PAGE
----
I’ll be posting a full article about how I set and manage my goals later this week, but the whole process is incredibly valuable and motivating. It keeps me moving forward, rather than wondering if anything has changed or forgetting about all the thing I wanted to achieve.
I love this Trello board because I was able to add end dates to some of my goals. I know Ximena specifically decided not to add dates to hers, but I love SMART goals and deadlines. I need to know where I’m headed and when I’m going to get there. For me, this life audit gave me a more concrete sense of what I’m working toward, as well as something to look forward to.
Life audits are flexible and customizable. You can take it anywhere you want, and in that immense freedom, I found direction. When the options are open wide and you have your whole life ahead of you, the possibilities are endless. In those endless possibilities, I was able to choose the ones that I really want, even if they aren’t realistic now.
I found power and answers in that freedom to choose anything I want, to dream big without any pressure, and to let my imagination run wild. The world is my oyster.
After that, all of those broad ideas get categorized, which starts to organize all those wishes and make them just a bit more tangible. Granted, “Visit Every National Park” over in the Lifetime category still feels pretty out of reach, but I have so much time.
The flexibility of the timeline takes the pressure off of the big goals. Sometimes it’s hard to set really lofty goals because it’s difficult to see where they might fit in our lives or how we might get to them. The life audit takes that pressure off. I don’t even have to limit myself to the next X years. “Lifetime” is a long time. It’s the longest time I’m ever going to get. I’ll get to every national park one day, but right now, there’s no pressure.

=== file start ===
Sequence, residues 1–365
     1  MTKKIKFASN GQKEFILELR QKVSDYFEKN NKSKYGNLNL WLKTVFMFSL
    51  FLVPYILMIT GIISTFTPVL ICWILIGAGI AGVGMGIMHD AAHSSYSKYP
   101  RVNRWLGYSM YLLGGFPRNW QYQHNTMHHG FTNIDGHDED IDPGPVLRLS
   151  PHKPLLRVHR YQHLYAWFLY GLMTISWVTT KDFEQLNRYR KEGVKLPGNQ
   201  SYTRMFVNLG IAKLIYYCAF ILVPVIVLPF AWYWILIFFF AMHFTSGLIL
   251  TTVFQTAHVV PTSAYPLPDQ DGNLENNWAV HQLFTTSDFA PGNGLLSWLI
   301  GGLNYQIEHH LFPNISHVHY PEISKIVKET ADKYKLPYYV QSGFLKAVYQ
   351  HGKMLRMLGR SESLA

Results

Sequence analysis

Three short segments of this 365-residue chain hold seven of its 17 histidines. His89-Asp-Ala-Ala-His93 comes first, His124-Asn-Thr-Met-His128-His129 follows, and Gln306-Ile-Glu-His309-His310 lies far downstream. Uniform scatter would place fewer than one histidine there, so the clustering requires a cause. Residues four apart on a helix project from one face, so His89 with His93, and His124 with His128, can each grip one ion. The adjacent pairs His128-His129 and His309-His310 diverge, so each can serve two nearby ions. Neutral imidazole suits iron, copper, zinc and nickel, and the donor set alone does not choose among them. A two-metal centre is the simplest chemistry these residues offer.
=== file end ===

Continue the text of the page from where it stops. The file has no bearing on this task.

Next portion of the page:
Though I’ve previously tracked my time, both for a day and for a week, I chose not to focus on whether the breakdown of my time each day lines up with the goals that I’ve set, at least for now. I can be really hard on myself when it comes to not wasting time, being productive, and avoiding procrastination. I hold myself to high standards and push myself hard.
I feel bad for wasting even a few minutes, even if I end up getting everything done that I need to do. Rather than take time to relax, I often push myself to do as much as I possibly can, and I don’t feel that comparing the breakdown of my goals with the breakdown of my time would benefit me right now. I’m working to accept that I’m putting enough work in, and it’s okay to take breaks sometimes.